Abstract: Structural equation modeling (SEM) is the leading method of causal inference in the behavioral and social sciences and, although SEM was first designed with causality in mind, the causal component has been obscured and lost over time due to a lack of adequate formalization. The objective of this thesis is to introduce and integrate recent advancements in graphical models into SEM through user-friendly software modules, in hopes of providing SEM researchers valuable information, extracted from path diagrams, to guide analysis prior to obtaining data. This thesis presents a software package called Commentator that assists users of EQS, a leading SEM tool. The primary function of Commentator is to take a path diagram as input, perform analysis on the graphical input, and provide users with relevant causal and statistical information that can subsequently be used once data is gathered. The methods used in Commentator are based on the d-separation criterion, which enables Commentator to detect and list: (i) identifiable parameters, (ii) identifiable total effects, (iii) instrumental variables, (iv) minimal sets of covariates necessary for estimating causal effects, and (v) statistical tests to ensure the compatibility of the model with the data. These lists assist SEM practitioners in deciding what test to run, what variables to measure, what claims can be derived from the data, and how to modify models that fail the tests.

StatTransfer

Dont use this, its expensive.

Distance matrix geosphere [R] EduMod84

replaced: see Manual

http://www.r-project.org/search.html

http://cran.r-project.org/web/packages/geosphere/geosphere.pdf - distm [R] uses install(geosphere)

Read.csv Write.csv

Instead see Rdata
setwd("C:/My Documents/Binford")
forag <- read.csv("Binford47vars339.csv", header=TRUE)
save(forag,file="Binford47vars339.RData")
  • A final version of Binford_2001_data.xlsx (original Binford 2001 data.xlsx will have N/S and E/W lat and long
  • StatTransfer.0.rar
#install stat transfer by double click stdemo9.exe
#open stat/transfer
#click on the tab "about" on the up-right side.
#click on "install License", then there will be a pop-out window.
#open "stattransfer9lic.txt" copy all of them, by hit "Ctrl+a" then "Ctrl+c"
#Paste "Ctrl+v" on that pop-out window. then kit enter.

NOW, you are done. it will expire in year 2050... enjoy it. pywolf

write.csv

New results

pastoralExch=((sccs$v208==1)*1)*(sccs$v858==6)*1 #bridewealth*pastoralism is the new variable substituted as an indep_var in the EduMod78, EduMod79, EduMod80 models. The effect is to define a "pastoralExch" variable that parallels the variable "money" that together define the two exchange systems associated with "moral gods" v238 and "evil eye" v1188. Actually pastoralExch does not knock out milking for Moral gods (less signif) or Money (nonsignif negative)

New stuff while at SFI

Lets use partial regression plots for confounders
Lets use pair plots to plot all pairs of dep/indep and indep/indep variables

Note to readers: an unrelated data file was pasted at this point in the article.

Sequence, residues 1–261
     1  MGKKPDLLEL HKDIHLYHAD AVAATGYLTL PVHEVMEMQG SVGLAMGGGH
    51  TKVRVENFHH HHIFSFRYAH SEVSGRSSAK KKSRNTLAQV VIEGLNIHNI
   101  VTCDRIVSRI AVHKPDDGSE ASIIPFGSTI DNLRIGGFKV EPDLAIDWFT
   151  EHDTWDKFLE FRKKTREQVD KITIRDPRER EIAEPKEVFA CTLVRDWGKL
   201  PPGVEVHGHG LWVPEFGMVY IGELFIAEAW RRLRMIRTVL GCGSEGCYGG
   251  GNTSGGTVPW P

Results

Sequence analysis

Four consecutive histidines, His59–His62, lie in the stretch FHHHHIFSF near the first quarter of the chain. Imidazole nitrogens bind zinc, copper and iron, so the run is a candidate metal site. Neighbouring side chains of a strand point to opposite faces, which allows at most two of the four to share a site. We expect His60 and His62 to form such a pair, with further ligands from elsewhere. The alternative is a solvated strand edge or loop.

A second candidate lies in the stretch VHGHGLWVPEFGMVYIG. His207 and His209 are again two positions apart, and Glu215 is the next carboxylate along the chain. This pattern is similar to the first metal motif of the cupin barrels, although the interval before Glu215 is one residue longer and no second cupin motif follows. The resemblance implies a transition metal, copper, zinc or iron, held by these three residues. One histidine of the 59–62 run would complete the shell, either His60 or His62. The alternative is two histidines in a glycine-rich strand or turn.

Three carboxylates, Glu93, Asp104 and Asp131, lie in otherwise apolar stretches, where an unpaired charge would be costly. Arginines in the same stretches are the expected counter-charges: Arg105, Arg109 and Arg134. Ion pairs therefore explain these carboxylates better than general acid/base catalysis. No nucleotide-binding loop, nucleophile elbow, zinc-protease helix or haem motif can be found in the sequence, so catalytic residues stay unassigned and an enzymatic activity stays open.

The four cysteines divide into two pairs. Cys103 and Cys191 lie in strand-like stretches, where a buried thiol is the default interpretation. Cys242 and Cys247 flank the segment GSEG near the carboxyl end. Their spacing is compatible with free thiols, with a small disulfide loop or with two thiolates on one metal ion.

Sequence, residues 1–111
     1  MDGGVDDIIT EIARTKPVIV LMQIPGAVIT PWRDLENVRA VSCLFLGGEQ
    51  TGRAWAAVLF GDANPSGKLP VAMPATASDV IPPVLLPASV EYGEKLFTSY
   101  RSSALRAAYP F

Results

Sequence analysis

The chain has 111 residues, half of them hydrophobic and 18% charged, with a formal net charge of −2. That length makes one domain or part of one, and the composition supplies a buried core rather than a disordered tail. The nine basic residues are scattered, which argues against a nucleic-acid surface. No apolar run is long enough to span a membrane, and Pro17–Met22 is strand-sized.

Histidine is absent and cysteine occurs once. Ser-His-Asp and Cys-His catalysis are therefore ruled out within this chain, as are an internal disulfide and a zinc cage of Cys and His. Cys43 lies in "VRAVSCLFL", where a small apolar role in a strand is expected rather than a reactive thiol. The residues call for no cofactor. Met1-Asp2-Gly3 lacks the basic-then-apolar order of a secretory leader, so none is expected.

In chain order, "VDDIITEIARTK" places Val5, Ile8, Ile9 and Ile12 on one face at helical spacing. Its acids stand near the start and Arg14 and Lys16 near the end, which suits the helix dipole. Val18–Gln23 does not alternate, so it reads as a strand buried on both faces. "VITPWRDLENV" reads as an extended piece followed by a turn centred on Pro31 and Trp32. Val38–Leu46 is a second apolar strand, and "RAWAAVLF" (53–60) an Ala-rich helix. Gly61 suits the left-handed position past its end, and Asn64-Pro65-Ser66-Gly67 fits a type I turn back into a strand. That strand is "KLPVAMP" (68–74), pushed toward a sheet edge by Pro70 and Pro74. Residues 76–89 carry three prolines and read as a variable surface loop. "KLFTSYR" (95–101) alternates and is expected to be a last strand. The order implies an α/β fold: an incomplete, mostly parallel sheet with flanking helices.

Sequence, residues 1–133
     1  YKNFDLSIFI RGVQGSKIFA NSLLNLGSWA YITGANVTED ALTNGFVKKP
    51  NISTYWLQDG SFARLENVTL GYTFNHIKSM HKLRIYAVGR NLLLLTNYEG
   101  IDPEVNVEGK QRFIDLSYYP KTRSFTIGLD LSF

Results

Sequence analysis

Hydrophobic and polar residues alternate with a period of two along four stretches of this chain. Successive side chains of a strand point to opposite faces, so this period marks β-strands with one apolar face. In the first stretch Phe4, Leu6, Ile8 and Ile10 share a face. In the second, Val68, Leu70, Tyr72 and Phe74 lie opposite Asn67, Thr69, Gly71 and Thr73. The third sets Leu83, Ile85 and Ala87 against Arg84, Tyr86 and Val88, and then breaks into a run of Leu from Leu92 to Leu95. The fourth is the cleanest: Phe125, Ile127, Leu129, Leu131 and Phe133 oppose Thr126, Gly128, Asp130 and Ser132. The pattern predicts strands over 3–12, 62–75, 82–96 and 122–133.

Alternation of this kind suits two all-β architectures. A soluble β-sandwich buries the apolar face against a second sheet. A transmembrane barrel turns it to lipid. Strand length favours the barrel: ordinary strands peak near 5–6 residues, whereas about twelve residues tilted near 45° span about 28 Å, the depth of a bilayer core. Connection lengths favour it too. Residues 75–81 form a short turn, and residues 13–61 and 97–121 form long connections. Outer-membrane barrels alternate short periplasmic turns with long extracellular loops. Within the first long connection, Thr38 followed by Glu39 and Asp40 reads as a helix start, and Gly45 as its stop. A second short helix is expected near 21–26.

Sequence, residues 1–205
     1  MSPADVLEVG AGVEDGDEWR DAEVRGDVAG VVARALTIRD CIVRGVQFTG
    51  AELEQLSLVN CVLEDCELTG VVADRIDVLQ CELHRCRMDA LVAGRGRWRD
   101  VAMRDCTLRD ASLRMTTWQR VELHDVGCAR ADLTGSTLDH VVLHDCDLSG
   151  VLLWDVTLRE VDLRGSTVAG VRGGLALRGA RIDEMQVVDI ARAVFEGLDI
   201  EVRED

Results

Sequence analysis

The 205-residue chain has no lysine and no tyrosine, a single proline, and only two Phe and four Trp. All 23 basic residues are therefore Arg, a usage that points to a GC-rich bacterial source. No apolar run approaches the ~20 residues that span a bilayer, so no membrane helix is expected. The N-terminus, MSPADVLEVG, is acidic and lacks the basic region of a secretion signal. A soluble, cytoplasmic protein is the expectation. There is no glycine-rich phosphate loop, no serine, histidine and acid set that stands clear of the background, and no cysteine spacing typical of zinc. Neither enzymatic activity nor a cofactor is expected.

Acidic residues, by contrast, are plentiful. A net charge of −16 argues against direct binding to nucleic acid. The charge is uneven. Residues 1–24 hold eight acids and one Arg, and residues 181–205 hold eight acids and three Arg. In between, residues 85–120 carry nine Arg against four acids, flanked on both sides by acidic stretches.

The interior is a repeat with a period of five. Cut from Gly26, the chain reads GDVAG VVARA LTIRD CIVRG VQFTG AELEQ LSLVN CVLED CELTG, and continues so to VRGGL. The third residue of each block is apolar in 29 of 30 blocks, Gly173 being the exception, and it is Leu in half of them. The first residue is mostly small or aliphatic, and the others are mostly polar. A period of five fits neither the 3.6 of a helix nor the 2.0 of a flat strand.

15.17. How is the regression coefficient interpreted in multiple regression?
In this case the unstandardized multiple regression coefficient is interpreted as the predicted change in Y (i.e., the DV) given a one unit change in X (i.e., the IV) while controlling for the other independent variables included in the equation.
The regression coefficient in multiple regression is called the partial regression coefficient because the effects of the other independent variables have been statistically removed or taken out (“partialled out”) of the relationship.
If the standardized partial regression coefficient is being used, the coefficients can be compared for an indicator of the relative importance of the independent variables (i.e., the coefficient with the largest absolute value is the most important variable, the second is the second most important, and so on.)
source
Google: partial regression Pearl
  • for Pearl 2000: p 150 fn. 13 partial regression rYX.Z = alpha + IYX.Z

Tetrad

Tetrad

see Sprites et al 1998 - This is it: Scheines, Richard; Peter Spirtes; Thomas Richardson; Christopher Meek; Richard Scheines.Using path diagrams as a structural equation modeling tool
see Sprites et al 1998 - different but related - Scheines, Richard; Peter Spirtes; Clark Glymour; Christopher Meek; Thomas Richardson The TETRAD Project: Constraint Based Aids to Causal Model Specification --- pdf
see Pearl 1998a
  • Pearl 2009:41 on Sprites, Peter, Clark N. Glymour, and Richard Scheines. 1993. Causation, Prediction, and Search. New York: Springer-Verlag. Lecture Notes in Statistics 81.
  • TETRAD
  • Read: Repast kinsim - Padgett sim - Padget 2010 - use ergm to find cycles? - email UW Mark Handcock
  • Read: Clip from IntlAssessnebt - find addl maps
  • Examine: Kinsources - Foragers - Denham archives
  • Invite Chris Boehm to give uci video conf talk Oct 22?

Install sccs

If you decompress sccs_latest.tar.gz , then you can do the following to test that you get the same results as eff and dow:

R commander